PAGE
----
Palace, Knossos, Crete (page 1--of 2)

c. 1700-1300 B.C.E.



Homer mentions the great city of Knossos in the Odyssey. It was located on Crete, the largest of the Aegean islands. Because by legend King Minos ruled this city, the civilization is thus termed Minoan. Sir Arthur Evans discovered the buried remains of this palace and adjoining buildings in 1900 which at its height covered about six acres. This large multi-storied palace was organized around a central court, but the plan itself was complex, often called labyrinthine, in reference to the legendary Cretan labyrinth. The palace contained well-stocked magazines, royal apartments, shrines, a throne room, and service areas. Sir Evans excavated and reconstructed much of the site with some restorations in different materials (for example, the restored stone columns were originally wood). For a map and additional pictures of this area, see this site.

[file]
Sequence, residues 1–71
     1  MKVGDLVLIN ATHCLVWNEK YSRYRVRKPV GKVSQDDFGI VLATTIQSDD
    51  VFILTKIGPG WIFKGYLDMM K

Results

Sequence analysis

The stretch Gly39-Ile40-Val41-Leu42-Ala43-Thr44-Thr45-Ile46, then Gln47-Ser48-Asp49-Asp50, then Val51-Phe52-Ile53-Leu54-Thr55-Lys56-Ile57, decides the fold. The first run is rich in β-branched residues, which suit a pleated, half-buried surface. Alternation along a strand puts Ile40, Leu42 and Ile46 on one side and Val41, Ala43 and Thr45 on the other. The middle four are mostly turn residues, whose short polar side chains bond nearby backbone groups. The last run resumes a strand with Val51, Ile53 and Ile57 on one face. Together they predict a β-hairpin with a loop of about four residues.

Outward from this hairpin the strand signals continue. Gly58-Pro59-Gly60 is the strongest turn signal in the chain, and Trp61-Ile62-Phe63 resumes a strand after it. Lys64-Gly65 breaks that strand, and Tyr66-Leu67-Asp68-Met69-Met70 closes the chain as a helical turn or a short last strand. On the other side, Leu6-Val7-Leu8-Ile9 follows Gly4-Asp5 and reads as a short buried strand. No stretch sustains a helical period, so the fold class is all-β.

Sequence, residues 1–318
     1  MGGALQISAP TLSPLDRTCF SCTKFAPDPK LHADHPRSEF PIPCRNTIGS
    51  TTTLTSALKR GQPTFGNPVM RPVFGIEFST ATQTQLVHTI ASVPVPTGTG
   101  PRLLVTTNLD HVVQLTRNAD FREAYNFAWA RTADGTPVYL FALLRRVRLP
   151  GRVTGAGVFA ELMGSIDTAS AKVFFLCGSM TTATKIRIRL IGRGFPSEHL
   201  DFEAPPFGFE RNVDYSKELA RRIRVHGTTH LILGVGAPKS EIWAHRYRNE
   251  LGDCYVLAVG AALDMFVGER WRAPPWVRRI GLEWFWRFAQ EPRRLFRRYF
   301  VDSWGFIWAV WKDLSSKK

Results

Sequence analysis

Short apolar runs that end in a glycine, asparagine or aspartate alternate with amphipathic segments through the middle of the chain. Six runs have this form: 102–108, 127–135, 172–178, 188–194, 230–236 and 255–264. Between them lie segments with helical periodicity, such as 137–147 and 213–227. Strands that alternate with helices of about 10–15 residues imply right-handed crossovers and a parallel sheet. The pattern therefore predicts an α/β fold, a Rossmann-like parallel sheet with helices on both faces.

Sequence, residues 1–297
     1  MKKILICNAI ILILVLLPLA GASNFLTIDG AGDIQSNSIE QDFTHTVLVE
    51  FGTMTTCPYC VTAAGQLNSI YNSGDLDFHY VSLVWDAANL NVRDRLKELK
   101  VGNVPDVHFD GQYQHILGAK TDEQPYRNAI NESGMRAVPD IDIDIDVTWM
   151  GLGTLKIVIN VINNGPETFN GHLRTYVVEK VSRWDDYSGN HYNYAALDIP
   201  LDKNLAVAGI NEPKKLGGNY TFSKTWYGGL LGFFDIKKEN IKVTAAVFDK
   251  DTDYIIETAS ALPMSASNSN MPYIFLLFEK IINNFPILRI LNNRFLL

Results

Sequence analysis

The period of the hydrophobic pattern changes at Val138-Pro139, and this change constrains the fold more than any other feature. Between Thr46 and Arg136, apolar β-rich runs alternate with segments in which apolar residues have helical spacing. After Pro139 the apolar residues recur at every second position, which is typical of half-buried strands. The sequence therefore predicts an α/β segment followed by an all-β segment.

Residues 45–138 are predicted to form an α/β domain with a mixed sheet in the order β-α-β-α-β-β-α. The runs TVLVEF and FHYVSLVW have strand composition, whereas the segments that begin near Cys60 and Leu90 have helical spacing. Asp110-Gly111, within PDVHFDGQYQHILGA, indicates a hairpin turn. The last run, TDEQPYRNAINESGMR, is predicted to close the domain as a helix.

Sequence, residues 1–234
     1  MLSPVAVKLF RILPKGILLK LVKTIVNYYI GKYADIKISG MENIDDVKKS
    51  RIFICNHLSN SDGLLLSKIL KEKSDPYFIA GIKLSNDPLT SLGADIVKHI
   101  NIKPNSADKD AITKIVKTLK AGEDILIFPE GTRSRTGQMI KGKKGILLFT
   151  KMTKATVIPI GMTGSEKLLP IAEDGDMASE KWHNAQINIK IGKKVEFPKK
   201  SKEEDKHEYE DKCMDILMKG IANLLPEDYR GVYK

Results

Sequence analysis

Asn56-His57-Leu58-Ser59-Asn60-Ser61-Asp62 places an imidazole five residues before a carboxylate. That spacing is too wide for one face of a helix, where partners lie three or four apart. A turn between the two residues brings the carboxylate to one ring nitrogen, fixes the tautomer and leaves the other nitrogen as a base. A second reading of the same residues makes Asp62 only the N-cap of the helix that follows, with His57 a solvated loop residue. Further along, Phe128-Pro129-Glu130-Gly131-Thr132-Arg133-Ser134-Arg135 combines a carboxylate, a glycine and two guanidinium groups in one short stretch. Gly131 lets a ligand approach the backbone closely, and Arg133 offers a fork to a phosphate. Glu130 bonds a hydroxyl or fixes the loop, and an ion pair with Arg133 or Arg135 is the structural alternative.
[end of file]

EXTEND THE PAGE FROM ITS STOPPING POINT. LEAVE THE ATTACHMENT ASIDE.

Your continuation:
The South Propylon (west side restored with a copy of the Cup Bearer fresco); the north entrance; north pillar hall

 

The theater area

This is a paved court traversed by the raised processional way. On two sides are broad banks of steps, which may have been seats; the angle between contained them contained the "royal box."

 
The royal quarters were on the east side of the palace.

View of the east side; the Queen's megaron; a porch

 

The Grand Staircase (left and below)

A stepped balustrade separates the staircase from a large light-well, which has on two sides superimposed colonnades. The unique columns taper from a wide top to a narrower base. Originally the columns were wood.
 




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© 2000 Mary Ann Sullivan. I have photographed (on site), scanned, and manipulated all the images on these pages. Please feel free to use them for personal or educational purposes. (I would appreciate being told if you find them useful.) They are not available for commercial purposes without my explicit permission.

Page maintained by Mary Ann Sullivan, sullivanm@bluffton.edu